Return the stolen land – That’s the only real solution!

Sankara Policy and Political School

Submission to the portfolio committee of public works on public hearing on the Expropriation Bill [2015]

IMG-20150804-WA0003 We shall concentrate only on this Bill to the extent that it is the key section in the constitution that defines state policy on land.

What is section 25 of the South African Constitution and what does it serve? This Bill claims to amend section 25 of the Constitution (which is correctly known as the property clause). Section 25 of the constitution is in fact the clause that turns the 1994 political compromise into a constitutional imperative.

What were the terms of the compromise?  It was basically that in exchange for political power being handed to black people, land and the economy shall remain in the hands of the white minority settler population. Section 25 legalises land theft and legitimises colonialism. Those who negotiated this compromise at the time said that it was a “tactical” move to gain power without too much bloodshed. The logic was that after power was secured the land would be returned. This section therefore was never about redistributing land but rather about securing a political compromise. Twenty one years after democracy we know that the compromise has been very bad for black people. This section has rendered our people landless in their own land.

Section 25 in its entirety is a yoke around the necks and shackles in the feet and hands of our people. It makes us slaves in our own land.

The argument of how bad section 25 has been for our people is made better by evidence. What is the evidence in the past 21 years to show the negative impact of section 25?

1. In 21 years, only 8% of the land has been bought back at a shocking R50 billion plus.

2. Between 1994-2004 a million farm workers were already evicted from land (this trend continues).

3. It will take 100 years to reach only 30% redistribution of the land.

4. Government has abandoned all targets for land redistributon (the 30% target has been abandoned). Government dumped this modest target as it was impossible to reach due to primarily the limitations of the property clause.

5. 50% of the population (black people) live under the poverty line.

6. Anti black racism is rife (colonial power relations have not changed)

How do we turn this situation around?

There is a need to have the courage to admit the first truth: that South Africa, all of it belongs to Black people; that the land question arises out of the arrival in 1652 of the white settler colonial population, and; that all land in South Africa is stolen property.

South African land Policy perpetuates illegality.

Does this committee have the courage to admit that, the land reform policy of South Africa since 1994 has been the perpetuation of illegality? If you buy stolen property you are as guilty as the thief that sells you stolen goods. In other words each time government pays white farmers for land, it is involved in a criminal activity. We are here to demand that you repeal/delete/remove the whole of section 25 and replace it with something more agreeable to the needs of our people so as to the address the historical injustice of land theft. Section 25 of the Constitution gives with one hand and takes with the other. It says two things at the same time – it protects colonial property relations and at the same time it approves land redistribution. This section plays finder finder with our people.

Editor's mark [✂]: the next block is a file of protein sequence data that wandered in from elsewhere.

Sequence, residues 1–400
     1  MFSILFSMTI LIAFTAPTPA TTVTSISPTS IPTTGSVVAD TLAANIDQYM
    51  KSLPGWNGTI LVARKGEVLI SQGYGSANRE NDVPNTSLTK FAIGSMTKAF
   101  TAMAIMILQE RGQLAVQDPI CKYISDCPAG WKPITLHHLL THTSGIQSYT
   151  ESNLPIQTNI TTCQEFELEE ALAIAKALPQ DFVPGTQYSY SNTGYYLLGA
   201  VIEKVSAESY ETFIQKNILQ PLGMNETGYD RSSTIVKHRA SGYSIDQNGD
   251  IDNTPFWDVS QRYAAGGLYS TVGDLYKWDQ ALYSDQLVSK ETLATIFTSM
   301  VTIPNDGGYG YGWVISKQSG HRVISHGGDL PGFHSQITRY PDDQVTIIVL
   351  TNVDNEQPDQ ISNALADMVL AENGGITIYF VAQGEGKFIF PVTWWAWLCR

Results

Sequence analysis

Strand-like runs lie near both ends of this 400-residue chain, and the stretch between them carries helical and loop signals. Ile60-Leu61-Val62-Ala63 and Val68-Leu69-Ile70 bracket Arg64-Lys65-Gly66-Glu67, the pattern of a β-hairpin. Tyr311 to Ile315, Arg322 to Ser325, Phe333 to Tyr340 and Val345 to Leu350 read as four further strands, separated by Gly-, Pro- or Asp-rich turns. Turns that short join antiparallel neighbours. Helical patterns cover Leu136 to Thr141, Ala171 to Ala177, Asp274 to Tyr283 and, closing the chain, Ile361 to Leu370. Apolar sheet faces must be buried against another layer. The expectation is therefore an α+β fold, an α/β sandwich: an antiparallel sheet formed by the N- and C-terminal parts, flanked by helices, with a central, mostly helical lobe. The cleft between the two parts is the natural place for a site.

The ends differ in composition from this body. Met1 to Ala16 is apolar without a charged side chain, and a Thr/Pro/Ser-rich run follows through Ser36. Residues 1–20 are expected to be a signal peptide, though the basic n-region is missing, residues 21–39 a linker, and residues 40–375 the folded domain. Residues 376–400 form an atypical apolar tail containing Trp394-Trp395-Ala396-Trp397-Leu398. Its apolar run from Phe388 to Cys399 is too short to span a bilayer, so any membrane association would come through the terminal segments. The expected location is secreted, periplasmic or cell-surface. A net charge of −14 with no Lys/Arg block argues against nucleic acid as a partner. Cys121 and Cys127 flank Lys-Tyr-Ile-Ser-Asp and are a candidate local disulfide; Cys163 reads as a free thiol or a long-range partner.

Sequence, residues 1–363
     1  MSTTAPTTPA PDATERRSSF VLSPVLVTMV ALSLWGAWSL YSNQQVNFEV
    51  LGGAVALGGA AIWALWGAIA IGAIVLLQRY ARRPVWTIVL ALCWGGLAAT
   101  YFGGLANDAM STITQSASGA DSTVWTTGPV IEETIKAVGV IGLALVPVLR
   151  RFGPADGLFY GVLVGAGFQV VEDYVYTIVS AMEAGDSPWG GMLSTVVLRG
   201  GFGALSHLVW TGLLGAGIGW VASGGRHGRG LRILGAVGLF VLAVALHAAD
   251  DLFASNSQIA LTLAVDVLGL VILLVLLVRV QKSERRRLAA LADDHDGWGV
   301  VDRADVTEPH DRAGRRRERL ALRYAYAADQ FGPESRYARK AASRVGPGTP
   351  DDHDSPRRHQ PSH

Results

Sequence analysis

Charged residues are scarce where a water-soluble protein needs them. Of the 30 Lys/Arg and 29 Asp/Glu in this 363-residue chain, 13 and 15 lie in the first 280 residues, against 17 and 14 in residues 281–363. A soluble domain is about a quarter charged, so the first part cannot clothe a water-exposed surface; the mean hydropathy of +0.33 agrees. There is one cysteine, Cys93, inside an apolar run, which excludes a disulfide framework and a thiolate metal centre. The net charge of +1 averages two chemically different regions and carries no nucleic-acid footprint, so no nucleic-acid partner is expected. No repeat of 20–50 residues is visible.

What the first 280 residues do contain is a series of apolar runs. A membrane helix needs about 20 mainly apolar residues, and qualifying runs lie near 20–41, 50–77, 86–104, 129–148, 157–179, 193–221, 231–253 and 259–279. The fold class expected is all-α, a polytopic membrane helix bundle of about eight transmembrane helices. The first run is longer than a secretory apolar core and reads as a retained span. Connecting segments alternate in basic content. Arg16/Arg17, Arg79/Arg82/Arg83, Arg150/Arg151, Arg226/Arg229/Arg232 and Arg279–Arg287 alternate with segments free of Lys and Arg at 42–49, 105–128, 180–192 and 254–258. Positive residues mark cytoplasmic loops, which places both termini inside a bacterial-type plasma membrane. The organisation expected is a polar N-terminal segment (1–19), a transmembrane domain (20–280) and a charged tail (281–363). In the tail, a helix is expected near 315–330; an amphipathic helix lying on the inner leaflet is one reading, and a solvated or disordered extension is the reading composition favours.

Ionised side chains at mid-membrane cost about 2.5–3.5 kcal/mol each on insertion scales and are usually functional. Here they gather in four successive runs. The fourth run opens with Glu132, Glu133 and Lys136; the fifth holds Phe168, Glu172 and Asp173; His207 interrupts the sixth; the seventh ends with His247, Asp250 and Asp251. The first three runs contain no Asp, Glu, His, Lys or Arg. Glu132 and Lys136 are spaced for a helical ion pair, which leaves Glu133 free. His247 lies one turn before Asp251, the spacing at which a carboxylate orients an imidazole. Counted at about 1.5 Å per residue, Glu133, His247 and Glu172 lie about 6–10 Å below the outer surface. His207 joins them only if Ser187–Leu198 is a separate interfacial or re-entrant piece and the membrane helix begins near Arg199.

We have shown what the section was crafted for – political compromise!  We cannot try to make it do what it was never intended to do. The section blocks land redistribution and distorts history. Trying to make land redistribution with this section is like trying to turn a cow into a lion. It simple won’t roar!

No we won’t pay for our land!

The real stumbling block of land redistribution to black people in South Africa is the idea of paying for stolen property. The Bill unfortunately in its current form, does not address this fundamental question. In fact it perpetuates the evil idea of paying for land.

If we remove the technical language and legalistic jargon of the Bill we see that it does nothing new. The Bill does not address why must we buy our land back. The Bill does not even assist in giving guidance on how “just and equitable compensation” should be paid (of course we reject paying for our land).

Committee, the drafters of the Bill have lied to you if they say this Bill puts mechanisms in place to end the “willing buyer willing seller” evil policy – it does nothing of that sort! This Bill is the extension of the failed market policy. This Bill is in fact an insult to black people!

What is Just and equitable compensation?

The whole argument on paying for stolen property turns on the phrase “just and equitable compensation”. The compensation section in the Bill does not offer a new solution or an alternative reading. It says, there can be expropriation of land subject to the iron law of the market (of course it lists the other non-market considerations to be taken into account). But we know that, in the final analysis, “just and equitable compensation” is determined by the market value of the land and to this end our courts have strongly indicated in this direction.

The Bill fails to provide a criteria that settles the meaning of “just and equitable compensation” in monetary terms. Ultimately this committee will take the Expropriation Bill to the National Assembly without being able to answer a simple question:  in rands and cents what is “just and equitable compensation”? This matter shall in all likelihood be settled by the courts. It must be stated that the courts have historically been disappointing in interpreting compensation in these circumstances. Let us take three examples to illustrate this point: